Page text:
Small Business Times recently ran an article about the Vistage CEO Confidence Index showing a decline in optimism among more than 2,000 CEOs of small to mid-sized companies across the United States. The CEO survey indicated that the most important success factors for CEO’s in 2007 is recruiting and retaining talent, beating out other important factors like cash flow, the economy and rising health care costs.
The competition for skilled workers continues to increase, and the recruiting and replacement costs associated with turnover can be as high as two to three times the annual salary of a given position. Companies are now turning their attention to investing in their people, given the high turnover rates many companies have been experiencing.
I used to work for a company that spent more than $1 million annually recruiting salespeople in order to maintain about 150 reps in the field. The company and its sales management team accepted their 100-percent plus turnover rate to be a reasonable part of doing business in the 21st Century.
It is a well known fact that it costs a company much less to keep a customer than it does to get a new customer. The same holds true for employees. By putting our people first and investing in their careers, we can develop their talents and maximize their potential.
I have found that treating people as unique individuals by understanding those specific needs and motivations and finding ways to tap into that potential is crucial to retaining your talent and propelling your company to greater success. Let’s consider the concept below:
Fair vs. same
Fair does not have to mean “the same.” Many of us have experienced this exact concept in dealing with our own children at home. Employers need to look at each employee as an individual with his/her own special gifts and set of circumstances if they’re going to retain their talented employees long term. Understanding and meeting the unique needs of all employees is a key to unlocking their potential and retaining them as long term productive employees.
Real life example
This company employs a team of account managers, all working for the same department and manager. All of the team members have similar production goals and customer satisfaction goals with quarterly tracking and measurement of these goals. Yet, the two people profiled here have different values, concerns and needs.
Employee # 1 – Mark, a long time employee with 30 years in the industry, is committed and loyal to the company. He understands the business very well and is also involved in mentoring new employees and managing some of the largest clients for the company. Most days he is in the office by 7 a.m. to get an early start, even though the office officially opens at 8 a.m. He also puts a few hours in over the weekend on a regular basis to keep up on his administrative duties. Losing Mark would be a huge loss to the company, due to his dedication, knowledge, customer relationships and workload productivity.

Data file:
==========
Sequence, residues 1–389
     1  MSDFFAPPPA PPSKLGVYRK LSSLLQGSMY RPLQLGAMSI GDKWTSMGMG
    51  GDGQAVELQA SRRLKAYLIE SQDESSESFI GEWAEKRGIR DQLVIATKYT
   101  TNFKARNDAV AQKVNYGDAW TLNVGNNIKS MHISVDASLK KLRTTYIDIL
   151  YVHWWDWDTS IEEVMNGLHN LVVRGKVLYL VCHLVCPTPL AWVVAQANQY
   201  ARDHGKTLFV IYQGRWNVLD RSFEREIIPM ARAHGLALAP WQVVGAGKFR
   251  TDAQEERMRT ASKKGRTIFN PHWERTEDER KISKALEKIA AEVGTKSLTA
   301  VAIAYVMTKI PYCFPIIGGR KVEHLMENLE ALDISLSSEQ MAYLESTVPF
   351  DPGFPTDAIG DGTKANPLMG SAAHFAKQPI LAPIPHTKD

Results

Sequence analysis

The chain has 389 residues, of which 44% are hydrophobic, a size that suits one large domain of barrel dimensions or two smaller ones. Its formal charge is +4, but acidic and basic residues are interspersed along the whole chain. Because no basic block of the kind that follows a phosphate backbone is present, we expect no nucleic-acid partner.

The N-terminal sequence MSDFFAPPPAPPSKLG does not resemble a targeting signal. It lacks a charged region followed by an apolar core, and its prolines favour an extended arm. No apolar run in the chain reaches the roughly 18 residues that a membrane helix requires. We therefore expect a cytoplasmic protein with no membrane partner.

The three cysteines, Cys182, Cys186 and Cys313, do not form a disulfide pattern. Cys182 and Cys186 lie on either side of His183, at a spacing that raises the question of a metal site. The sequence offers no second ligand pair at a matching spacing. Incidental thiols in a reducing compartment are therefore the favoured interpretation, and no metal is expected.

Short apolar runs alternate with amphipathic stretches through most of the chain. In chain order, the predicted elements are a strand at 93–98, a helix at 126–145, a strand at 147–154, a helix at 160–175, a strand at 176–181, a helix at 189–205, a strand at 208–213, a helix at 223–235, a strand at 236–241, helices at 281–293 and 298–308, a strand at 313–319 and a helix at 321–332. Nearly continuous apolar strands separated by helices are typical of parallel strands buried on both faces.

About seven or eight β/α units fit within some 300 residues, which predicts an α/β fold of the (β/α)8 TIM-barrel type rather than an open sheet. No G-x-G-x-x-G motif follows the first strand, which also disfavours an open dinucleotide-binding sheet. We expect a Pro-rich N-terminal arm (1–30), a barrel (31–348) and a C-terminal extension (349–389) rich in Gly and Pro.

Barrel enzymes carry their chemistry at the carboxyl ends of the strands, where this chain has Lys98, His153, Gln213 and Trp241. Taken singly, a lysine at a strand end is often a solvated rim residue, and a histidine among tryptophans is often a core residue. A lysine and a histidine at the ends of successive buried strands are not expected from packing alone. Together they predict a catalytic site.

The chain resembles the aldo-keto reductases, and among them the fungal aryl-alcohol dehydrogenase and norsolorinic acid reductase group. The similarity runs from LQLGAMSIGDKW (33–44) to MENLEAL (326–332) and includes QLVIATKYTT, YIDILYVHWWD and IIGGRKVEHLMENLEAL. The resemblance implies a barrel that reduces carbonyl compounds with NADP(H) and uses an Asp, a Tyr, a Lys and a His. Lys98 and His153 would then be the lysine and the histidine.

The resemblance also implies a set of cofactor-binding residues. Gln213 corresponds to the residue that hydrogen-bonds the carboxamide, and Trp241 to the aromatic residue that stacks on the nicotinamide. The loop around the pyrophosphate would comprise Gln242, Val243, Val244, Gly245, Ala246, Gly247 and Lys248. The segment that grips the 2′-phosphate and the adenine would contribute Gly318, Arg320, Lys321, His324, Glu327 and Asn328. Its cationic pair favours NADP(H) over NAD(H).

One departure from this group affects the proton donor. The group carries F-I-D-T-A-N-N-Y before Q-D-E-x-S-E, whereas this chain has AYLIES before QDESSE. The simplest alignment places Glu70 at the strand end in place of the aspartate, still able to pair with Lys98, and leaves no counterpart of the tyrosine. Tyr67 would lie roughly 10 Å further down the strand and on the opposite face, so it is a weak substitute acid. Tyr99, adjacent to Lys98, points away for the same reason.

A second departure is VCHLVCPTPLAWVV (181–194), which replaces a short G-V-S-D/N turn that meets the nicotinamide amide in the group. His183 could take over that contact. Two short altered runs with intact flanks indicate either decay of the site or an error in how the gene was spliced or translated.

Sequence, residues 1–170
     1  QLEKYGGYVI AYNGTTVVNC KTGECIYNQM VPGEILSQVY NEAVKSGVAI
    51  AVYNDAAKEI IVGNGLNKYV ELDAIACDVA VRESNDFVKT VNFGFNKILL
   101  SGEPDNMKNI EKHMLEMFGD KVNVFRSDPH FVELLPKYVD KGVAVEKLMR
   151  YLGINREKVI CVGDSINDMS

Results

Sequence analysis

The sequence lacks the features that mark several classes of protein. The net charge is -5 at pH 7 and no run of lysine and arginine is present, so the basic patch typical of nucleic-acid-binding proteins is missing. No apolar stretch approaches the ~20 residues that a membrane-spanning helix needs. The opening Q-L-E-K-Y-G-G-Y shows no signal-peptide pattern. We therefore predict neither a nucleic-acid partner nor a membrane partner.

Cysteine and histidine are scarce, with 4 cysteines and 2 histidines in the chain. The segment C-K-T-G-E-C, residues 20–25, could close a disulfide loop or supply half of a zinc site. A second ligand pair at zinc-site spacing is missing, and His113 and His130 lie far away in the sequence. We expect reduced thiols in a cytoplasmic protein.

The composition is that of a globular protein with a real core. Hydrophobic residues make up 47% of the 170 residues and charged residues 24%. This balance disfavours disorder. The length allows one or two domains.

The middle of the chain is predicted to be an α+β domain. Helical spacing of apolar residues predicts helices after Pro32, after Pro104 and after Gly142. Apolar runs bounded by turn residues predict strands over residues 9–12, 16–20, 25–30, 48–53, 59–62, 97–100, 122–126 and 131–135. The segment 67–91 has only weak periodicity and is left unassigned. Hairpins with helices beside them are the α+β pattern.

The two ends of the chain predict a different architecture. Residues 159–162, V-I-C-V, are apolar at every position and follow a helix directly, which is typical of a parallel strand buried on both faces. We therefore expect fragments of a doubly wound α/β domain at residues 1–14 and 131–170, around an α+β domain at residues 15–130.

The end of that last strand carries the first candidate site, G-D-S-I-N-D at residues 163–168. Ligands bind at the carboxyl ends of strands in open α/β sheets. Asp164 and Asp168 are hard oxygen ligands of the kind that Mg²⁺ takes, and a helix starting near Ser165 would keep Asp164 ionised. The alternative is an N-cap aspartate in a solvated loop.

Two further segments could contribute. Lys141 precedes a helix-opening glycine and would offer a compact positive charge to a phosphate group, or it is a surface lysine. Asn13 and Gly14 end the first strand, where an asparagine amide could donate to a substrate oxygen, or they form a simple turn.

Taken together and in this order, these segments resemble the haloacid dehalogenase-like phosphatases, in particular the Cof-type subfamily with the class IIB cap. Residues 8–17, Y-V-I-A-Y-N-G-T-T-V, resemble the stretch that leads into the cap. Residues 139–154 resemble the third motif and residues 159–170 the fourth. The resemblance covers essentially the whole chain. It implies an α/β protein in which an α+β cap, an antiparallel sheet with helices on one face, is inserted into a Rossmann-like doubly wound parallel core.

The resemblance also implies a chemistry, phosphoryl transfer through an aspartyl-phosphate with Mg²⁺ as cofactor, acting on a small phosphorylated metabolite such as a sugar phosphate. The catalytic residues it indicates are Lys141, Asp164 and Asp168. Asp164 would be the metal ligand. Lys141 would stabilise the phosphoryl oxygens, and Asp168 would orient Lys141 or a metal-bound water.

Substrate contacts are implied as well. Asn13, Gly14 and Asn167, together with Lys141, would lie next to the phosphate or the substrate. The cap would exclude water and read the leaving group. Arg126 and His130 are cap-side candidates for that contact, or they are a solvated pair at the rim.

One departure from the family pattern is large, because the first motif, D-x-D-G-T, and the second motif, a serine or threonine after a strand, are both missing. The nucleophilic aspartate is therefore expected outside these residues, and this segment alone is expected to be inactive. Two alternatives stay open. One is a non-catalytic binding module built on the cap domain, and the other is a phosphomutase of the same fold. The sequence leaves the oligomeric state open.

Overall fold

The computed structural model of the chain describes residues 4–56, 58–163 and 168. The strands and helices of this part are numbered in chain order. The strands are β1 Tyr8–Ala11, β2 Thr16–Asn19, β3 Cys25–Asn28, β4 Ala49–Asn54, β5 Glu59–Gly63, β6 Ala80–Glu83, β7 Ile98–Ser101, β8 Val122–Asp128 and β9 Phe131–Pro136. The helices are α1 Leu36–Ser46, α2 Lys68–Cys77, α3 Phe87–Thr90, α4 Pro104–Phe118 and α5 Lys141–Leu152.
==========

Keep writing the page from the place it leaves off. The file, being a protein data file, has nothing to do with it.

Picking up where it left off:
What the company uniquely does for Mark:
- Supplies a work-athome computer to access and manage e-mail and files from home since he works easily more than 50 hours per week and being able to do some of his follow up in the convenience of his home office is a welcome gift.
- Allows Mark the flexibility to schedule his day. He is capable of determining his work responsibilities and getting things done. Occasionally, he enjoys the ability to leave by early afternoon when his workload is lighter. This typically happens once or twice per month.
- Allows Mark to take up to 2 weeks of paid vacation in October to go hunting, his passion, even though it’s one of the company’s busiest months of the year. Most vacations are held to a minimum during this time for other employees, but the other account managers are happy to provide coverage to him knowing that this is the one thing that is most important to him. They know that they can rely on him to provide back-up when they are on vacation as well.
Employee # 2 – Susan has been with the company for about the same amount of time Mark has and has a 15-year history of work in the industry. She has demonstrated her talent and commitment to the company through her high productivity results and does a great deal of the initial training of new employees around product and system training. Susan is a new mom and because of that, she values very different things than Mark does.
What the company does uniquely for Susan:
- Due to daycare logistics and costs, Susan was looking for more flexibility in her hours and schedule. She now works from 8:30 a.m. to 5 p.m. with a half hour lunch rather than the usual hour lunch that the rest of the department takes.
- Susan works a four-day schedule and agreed to reduce her pay to four-fifths of her full-time salary to do this. She typically takes Thursdays off during the week. Susan remains flexible, and if client appointments or workload necessitate that she work on a Thursday, then she will simply take a different day off during that week or a slower time during that month to make up for working that day.
In summary –A win/win for all
Two people, same job, similar daily productivity, same client satisfaction expectations, and yet, the company found ways to meet their individual needs and lifestyles. In return, the company gets each employee’s dedication and commitment to meeting their goals. Each employee goes above and beyond the call of duty to accommodate the company and their customers in return for the unique accommodations each was given by the company.
Why it works:
- Expectations and work guidelines have been set and shared with each employee, and both employees have proved themselves by their stellar past performance.
- Measurement tracking is in place and reported quarterly to ensure accountability.
- The actual job description and duties of the job are well documented, but telling each person how to do their job respective jobs is entirely up to each employee.